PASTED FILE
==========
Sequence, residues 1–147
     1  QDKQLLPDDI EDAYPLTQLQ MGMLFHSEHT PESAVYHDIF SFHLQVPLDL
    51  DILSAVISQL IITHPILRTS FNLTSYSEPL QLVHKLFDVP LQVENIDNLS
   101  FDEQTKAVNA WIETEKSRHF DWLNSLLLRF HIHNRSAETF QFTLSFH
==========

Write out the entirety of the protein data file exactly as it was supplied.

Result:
Sequence, residues 1–147
     1  QDKQLLPDDI EDAYPLTQLQ MGMLFHSEHT PESAVYHDIF SFHLQVPLDL
    51  DILSAVISQL IITHPILRTS FNLTSYSEPL QLVHKLFDVP LQVENIDNLS
   101  FDEQTKAVNA WIETEKSRHF DWLNSLLLRF HIHNRSAETF QFTLSFH